For biological applications, the lanthanide complex is typically used in an aqueous, mostly aqueous, or aqueous-miscible solution prepared according to methods generally known in the art. The optimal concentration of the lanthanide complex typically is determined by systematic variation until satisfactory results, with minimal background luminescence, are obtained.
The sample of interest may be derived from biological or nonbiological sources. The sample may include a variety of components, such as intact cells, cell extracts, bacteria, viruses, organelles, biomolecules, and mixtures thereof. The lanthanide complex is typically combined with the sample in any way that facilitates contact between the complex and the sample components of interest.
The lanthanide complexes that include conjugated substances may be utilized according to methods well known in the art; e.g., use of antibody conjugates in microscopy and immunofluorescence assays; and nucleotide or oligonucleotide conjugates for nucleic acid hybridization assays and nucleic acid sequencing.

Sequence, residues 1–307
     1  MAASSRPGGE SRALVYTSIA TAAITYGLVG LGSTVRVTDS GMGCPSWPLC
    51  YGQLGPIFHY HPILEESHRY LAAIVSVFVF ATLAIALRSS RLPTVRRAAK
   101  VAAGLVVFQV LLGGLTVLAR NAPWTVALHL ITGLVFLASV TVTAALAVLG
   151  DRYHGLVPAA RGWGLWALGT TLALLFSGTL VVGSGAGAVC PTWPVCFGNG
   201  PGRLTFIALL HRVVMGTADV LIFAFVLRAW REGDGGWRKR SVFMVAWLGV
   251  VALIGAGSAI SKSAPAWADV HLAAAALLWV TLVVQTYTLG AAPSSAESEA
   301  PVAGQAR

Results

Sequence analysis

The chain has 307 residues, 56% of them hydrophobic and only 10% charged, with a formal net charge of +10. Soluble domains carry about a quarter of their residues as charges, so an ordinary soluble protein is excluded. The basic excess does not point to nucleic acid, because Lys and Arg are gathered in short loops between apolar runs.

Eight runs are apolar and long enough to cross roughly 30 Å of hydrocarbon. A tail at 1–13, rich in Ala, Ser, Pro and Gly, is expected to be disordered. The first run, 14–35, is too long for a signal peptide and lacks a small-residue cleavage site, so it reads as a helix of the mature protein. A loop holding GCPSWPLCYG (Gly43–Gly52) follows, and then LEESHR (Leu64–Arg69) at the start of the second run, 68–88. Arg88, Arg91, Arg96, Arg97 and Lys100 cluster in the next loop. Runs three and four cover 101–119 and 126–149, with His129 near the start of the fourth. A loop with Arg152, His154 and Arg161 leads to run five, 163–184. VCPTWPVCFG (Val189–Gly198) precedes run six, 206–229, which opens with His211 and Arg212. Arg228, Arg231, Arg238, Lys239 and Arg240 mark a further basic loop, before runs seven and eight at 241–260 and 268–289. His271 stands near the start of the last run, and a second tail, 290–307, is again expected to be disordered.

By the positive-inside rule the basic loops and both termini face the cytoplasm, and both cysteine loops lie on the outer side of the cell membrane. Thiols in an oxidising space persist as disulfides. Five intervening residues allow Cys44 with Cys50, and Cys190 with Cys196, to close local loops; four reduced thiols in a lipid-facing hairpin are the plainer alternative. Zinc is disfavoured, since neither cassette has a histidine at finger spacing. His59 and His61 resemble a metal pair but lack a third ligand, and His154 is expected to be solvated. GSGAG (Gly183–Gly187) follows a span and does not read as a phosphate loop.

The sample may be illuminated, at any time before, during, and/or after staining, with a wavelength of light selected to give a detectable optical response, and observed with a means for detecting the optical response. A detectable optical response means a change in, or occurrence of, an optical signal that is detectable either by observation or instrumentation. Typically the detectable response is a change in luminescence, such as a change in its intensity, excitation or emission wavelength(s), luminescence lifetime, luminescence polarization, energy transfer, and/or a combination thereof.